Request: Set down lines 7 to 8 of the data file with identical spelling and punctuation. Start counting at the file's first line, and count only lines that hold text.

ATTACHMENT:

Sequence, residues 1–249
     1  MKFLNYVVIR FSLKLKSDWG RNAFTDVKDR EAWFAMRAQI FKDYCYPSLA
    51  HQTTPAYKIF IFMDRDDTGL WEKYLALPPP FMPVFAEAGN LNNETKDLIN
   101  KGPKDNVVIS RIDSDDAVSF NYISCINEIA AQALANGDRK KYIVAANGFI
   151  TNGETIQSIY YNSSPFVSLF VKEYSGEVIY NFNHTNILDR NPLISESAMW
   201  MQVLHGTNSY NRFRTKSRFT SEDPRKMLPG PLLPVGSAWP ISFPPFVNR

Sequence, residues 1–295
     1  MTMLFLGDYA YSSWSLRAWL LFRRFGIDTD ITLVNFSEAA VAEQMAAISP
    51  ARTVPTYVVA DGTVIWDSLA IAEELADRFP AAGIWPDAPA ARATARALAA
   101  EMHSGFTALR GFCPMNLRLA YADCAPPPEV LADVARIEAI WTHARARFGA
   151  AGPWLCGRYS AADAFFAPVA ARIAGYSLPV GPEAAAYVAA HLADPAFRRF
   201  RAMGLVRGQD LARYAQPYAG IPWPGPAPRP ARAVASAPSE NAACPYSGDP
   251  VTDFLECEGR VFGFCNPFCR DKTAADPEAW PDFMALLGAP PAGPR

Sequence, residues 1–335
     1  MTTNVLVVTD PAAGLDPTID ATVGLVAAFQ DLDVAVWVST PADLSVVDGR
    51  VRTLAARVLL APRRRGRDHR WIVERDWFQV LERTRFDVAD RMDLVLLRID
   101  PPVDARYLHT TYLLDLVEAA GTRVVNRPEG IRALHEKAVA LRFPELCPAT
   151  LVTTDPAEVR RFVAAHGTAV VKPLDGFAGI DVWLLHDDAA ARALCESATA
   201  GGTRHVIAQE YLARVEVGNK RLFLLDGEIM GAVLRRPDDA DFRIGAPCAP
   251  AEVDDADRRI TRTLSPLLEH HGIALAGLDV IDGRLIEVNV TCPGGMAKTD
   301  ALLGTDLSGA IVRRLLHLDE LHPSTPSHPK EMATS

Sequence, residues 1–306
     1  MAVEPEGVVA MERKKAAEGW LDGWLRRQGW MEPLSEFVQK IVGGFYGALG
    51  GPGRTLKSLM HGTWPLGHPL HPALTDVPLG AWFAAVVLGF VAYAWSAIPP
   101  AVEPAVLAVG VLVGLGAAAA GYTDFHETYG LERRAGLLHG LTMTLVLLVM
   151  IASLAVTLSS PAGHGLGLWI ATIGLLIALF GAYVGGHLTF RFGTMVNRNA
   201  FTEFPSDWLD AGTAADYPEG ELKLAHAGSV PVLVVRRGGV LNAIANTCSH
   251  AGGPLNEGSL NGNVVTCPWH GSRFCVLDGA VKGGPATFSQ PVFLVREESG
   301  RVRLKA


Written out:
Sequence, residues 1–295
     1  MTMLFLGDYA YSSWSLRAWL LFRRFGIDTD ITLVNFSEAA VAEQMAAISP